Bodrum, Britain, Norwich

And Then There Were Three

wheelie binWhen we lived in Walthamstow, the recycling scheme was clear and simple. We had a single green plastic container into which all material was deposited – plastic, glass, paper, cardboard, aluminium cans – the entire kit and caboodle. I called it my ‘save the world box’ and it was emptied weekly. Four years on and the whole recycling malarkey has got a lot more serious. We now have a black wheelie bin for general household refuse and a light green wheelie bin for recycling except for kitchen waste that goes in a little black box, garden waste that is chucked into a beige sack and glass which goes into a dark green box. The latter, in particular, requires the strength of two butch lads to lug and tip. Our little back yard, with its random collection of multi-sized containers, could be entered into the Turner Prize to represent the municipal oppression of the common man.

Our general rubbish and recycling is collected on alternate weeks. This came as quite a shock after the twice daily tours by Bodrum bin men. At my advanced age, the new regime takes some mental acrobatics to remember what week is which. I’ve taken to sticking post-it notes on the multi-point.  Nevertheless, we do our bit. Sometimes though, the city council don’t do theirs and sometimes, they serve up an embarrassment of riches. Three times now, our recycling has been left to rot by the wayside. Our refuse was refused. Then we were suddenly hit by the mysterious case of the stolen wheelie. I looked out the window. It was gone. I looked up and down the street. It was of empty of wheelies of any sort. What would Miss Marple make of it? I amused myself with the thought of early-morning students on a drunken caper wheeling my wheelie around the city with a pissed-up nerd inside. Wheelie-less, I rang the Council. “I’m without a wheelie,” I said. “Oh dear, no,” a sympathetic lady replied. She was shocked by my sorry tale and promised re-instatement. A shiny new wheelie arrived the very next day; then another one the day after, then a third the day after that. I’ve opened an e-Bay account. Don’t tell the Council.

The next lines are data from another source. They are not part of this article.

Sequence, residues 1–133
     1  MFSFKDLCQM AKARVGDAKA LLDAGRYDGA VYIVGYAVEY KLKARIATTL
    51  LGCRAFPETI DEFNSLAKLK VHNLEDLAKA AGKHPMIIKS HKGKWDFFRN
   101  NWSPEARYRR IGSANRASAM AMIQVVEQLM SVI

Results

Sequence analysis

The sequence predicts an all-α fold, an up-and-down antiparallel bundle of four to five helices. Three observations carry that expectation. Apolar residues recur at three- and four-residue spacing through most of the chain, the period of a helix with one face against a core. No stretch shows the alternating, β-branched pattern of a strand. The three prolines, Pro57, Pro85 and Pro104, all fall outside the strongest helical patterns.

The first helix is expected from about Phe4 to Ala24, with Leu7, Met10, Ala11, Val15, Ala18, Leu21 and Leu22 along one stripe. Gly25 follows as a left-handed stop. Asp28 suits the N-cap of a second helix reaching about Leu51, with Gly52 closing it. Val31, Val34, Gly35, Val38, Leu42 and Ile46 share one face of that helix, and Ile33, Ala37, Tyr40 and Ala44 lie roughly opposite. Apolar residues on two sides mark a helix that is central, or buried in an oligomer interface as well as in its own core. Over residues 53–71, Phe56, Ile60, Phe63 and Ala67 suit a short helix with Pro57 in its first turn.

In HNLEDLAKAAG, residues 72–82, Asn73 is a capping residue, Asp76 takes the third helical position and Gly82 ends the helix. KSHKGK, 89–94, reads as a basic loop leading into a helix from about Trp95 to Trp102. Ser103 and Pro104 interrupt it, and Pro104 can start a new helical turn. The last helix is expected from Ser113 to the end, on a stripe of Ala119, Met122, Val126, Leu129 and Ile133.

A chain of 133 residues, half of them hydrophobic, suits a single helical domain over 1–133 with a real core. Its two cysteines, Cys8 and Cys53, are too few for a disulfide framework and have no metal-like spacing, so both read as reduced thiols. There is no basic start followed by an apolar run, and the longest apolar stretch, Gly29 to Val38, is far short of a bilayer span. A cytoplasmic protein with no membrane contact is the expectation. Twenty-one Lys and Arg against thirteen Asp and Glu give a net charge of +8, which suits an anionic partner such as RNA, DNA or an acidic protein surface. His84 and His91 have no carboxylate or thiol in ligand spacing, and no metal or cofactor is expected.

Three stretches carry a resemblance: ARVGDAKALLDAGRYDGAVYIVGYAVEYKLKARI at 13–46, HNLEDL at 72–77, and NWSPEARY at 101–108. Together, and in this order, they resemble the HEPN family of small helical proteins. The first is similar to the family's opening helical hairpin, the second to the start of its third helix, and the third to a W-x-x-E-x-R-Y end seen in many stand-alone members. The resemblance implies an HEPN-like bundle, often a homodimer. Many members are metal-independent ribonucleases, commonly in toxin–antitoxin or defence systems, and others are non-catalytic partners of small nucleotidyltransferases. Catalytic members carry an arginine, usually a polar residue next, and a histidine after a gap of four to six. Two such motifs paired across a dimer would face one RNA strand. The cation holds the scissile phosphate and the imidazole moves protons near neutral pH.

23 thoughts on “And Then There Were Three

  1. How complicated it is! Where my sister lives in rural Sussex though they don’t seem to bother. And in un-eco-friendly Jamaica everything gets chucked into the same stinking old truck. But we do keep our plastic, glass and newspapers and take them to an environmental NGO that DOES recycle! 99% of the populace don’t give a damn… Hence the filthy mess our island is in!!

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    1. This was the same in Turkey but whole families live near the land fill sites and make a meagre living recycling the rubbish. It’s filthy and dangerous work and they are the lowest rung of the social ladder. Is this the case in Jamaica?

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  2. When I visited England at Christmas I was amazed at the number of bins. My daughter has a very small garden and they seem to take up a lot of the space. When I think of our village, and how my rubbish has to be carried down the hill to the one and only bin, it all seems a bit ridiculous. I’m sure I’m one of the few people who use it…everyone else burns their rubbish.